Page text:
The AO on the basis of the statement recorded from third party and also the fact that the co-developer has offered undisclosed income in the ratio of 60% in case of sale of shops and 40% in case of flats, the AO proceeded to work out the undisclosed income derived by the assessee from sale of shops and flats at ₹ 2,80,25,655 and added back to the income of the assessee.

The learned CIT(A) also found that no incriminating material or evidence was found in the course of search/survey either from the premises of Guru Prerna Enterprises or the assessee regarding receipt of cash on sale of flats and shops. He also observed that the other witness also never stated that the assessee received any cash on sale of flats and shops. It is the assessee who had accepted receipt of some unaccounted cash on sale of shops and specifically denied of having received any cash on sale of flats. Further, out of 67 shops, assessee had already sold 65 shops through other brokers. He, therefore, held that by placing too much reliance on the statement of third party, no addition could have been made. More so, when no evidence of receipt of cash was found at the time of search/survey.

The CIT(A), however, proceeded to estimate the total cash receipt on sale of shops/flats at ₹ 1 crore, the assessee having already offered an amount of ₹ 75 lakh, the learned CIT(A) sustained the addition of further amount of ₹ 25 lakh.

The ITAT dismissed the department appeal and also allowed the cross appeal of the assessee on the basis of the fact that CIT(A) having found that there is no evidence to indicate that the assessee has received any cash over and above what has been declared by him, even the addition made of ₹ 25 lakh purely on estimate basis cannot be sustained. Therefore, the entire addition made by the Assessing Officer in the instant case was deleted.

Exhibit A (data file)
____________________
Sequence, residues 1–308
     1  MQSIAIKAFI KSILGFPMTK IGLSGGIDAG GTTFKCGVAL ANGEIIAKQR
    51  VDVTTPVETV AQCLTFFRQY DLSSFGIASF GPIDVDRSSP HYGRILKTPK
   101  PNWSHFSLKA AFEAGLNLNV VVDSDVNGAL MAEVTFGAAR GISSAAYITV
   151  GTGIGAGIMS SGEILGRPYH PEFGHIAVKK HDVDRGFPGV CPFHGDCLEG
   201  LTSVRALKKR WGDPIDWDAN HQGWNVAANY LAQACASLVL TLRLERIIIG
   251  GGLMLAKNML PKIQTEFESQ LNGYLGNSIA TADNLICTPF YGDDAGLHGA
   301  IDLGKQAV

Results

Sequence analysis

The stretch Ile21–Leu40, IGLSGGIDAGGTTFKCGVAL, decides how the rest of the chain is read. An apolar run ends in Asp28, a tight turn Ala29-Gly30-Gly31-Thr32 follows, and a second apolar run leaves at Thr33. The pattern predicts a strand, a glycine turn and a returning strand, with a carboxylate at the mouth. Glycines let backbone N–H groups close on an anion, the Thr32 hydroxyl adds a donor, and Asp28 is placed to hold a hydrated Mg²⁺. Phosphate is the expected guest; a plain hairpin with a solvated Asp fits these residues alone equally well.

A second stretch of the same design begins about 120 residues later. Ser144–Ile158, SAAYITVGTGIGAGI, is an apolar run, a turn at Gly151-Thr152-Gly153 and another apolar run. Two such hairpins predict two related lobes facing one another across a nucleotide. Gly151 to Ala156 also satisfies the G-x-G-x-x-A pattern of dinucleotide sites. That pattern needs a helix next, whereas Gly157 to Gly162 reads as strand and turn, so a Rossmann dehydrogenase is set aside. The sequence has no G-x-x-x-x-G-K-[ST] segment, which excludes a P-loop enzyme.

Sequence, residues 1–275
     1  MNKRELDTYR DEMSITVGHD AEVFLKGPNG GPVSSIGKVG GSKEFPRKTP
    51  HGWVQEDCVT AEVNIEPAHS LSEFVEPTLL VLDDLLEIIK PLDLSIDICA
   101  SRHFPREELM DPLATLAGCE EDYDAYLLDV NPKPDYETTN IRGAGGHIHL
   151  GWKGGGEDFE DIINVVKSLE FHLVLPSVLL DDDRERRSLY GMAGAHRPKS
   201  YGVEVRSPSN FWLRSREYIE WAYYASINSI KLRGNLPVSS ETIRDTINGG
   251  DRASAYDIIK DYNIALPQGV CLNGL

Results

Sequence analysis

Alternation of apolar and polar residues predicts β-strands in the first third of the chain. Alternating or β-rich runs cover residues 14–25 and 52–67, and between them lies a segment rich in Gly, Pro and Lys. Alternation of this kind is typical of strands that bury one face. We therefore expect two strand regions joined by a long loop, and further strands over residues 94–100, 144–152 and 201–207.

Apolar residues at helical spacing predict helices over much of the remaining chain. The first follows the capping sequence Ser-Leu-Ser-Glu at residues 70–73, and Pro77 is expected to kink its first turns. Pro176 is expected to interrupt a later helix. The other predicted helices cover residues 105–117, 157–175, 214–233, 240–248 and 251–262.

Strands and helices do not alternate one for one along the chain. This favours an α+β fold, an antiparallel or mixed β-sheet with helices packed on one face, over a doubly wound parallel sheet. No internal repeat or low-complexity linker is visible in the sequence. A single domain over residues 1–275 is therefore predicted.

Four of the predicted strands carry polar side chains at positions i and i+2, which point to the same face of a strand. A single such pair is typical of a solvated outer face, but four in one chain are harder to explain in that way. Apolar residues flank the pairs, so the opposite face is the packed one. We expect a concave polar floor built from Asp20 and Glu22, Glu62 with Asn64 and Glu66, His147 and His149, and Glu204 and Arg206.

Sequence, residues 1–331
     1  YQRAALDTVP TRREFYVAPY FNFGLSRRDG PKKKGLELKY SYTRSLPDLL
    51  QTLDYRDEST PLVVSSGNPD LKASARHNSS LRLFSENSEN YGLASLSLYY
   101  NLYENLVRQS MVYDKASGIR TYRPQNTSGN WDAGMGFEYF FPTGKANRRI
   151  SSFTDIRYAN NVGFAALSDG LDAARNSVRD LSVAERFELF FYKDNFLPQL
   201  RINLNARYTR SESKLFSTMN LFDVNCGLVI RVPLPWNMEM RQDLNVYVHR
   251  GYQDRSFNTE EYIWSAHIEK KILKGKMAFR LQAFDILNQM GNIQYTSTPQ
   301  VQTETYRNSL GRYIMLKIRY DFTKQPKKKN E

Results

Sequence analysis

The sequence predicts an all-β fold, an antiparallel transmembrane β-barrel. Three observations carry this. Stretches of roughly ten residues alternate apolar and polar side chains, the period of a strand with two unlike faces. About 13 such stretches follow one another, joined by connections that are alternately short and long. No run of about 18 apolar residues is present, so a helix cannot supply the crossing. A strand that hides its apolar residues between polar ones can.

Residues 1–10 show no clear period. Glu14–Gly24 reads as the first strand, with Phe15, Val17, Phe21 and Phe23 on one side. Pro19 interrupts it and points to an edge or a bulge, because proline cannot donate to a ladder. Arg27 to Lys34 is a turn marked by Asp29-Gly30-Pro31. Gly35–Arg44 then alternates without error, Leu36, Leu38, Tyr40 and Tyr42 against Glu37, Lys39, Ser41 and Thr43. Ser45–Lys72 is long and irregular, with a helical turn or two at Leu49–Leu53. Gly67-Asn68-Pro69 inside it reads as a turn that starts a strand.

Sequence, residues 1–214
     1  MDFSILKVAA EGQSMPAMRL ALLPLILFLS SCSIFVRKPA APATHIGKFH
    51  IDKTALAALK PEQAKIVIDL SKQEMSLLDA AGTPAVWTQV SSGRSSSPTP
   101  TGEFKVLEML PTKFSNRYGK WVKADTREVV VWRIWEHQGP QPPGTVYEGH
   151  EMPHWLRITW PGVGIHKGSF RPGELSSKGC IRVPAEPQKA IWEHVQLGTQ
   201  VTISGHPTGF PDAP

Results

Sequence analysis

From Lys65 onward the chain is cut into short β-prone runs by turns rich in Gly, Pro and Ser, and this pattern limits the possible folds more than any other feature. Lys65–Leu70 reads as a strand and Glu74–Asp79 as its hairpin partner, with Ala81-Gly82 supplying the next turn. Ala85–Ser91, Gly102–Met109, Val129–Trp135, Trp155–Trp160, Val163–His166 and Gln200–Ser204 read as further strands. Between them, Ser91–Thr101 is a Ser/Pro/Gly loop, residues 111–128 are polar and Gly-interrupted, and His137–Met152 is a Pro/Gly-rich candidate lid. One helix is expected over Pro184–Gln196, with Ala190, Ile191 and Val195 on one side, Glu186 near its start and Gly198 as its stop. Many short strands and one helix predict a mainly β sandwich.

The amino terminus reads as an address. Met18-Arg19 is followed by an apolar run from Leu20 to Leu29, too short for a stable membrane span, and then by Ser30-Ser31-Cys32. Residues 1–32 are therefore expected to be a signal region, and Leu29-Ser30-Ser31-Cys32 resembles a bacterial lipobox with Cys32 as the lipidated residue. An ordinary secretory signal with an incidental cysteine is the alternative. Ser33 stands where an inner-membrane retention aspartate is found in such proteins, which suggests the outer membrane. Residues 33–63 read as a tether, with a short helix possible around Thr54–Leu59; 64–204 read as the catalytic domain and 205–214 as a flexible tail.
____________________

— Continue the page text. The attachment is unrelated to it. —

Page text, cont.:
DCIT vs. Umesh H. Gandhi, ITA No. 2745/Mum/2016 & CO. No 289/Mum/2017, AY 2007-08 dated 28-2-2018 (Mum)

Umesh H. Gandhi

3. S.153A : Assessment – Search – Noting on loose papers – Additions cannot be made as undisclosed income

A search and seizure action was initiated against the assessee, wherein, certain loose papers were seized. Statement was also recorded. The seized documents were rough profit & loss account. The assessee was asked to reconcile the same with audited financial statements. The ld. AO added the difference as unaccounted income of the assessee (i.e., difference in profit & loss account).

The assessee, contended that the assessee is merely entitled for commission out of the travelling business. The seized documents are loose papers and are merely dump documents.

The learned CIT(A) considered the factual matrix and deleted the addition.

The Tribunal noted that as per audited books of account, the total income of the assessee was ₹ 2,24,21,235/-, which is more than the seized rough profit & loss account of ₹ 1,39,36,342/-, meaning thereby, the assessee has offered more income compared to the rough noting mentioned in the seized profit & loss account. The assessee is merely entitled to commission in the business of travelling. The assessee justifiably explained the factual matrix. The figures explained by the assessee are matching with the audited books of accounts. In view of this factual matrix, Tribunal upheld the CIT (A) order, thus, the appeal of the Revenue was dismissed.

ACT vs. Zaireen Travel Services, ITA Nos. 1145 & 1146/Mum/2015, (Mum.)(Trib.)

Zaireen Travel Services

Note: The Whole decisions can be downloaded from the CTC website under Knowledge Centre.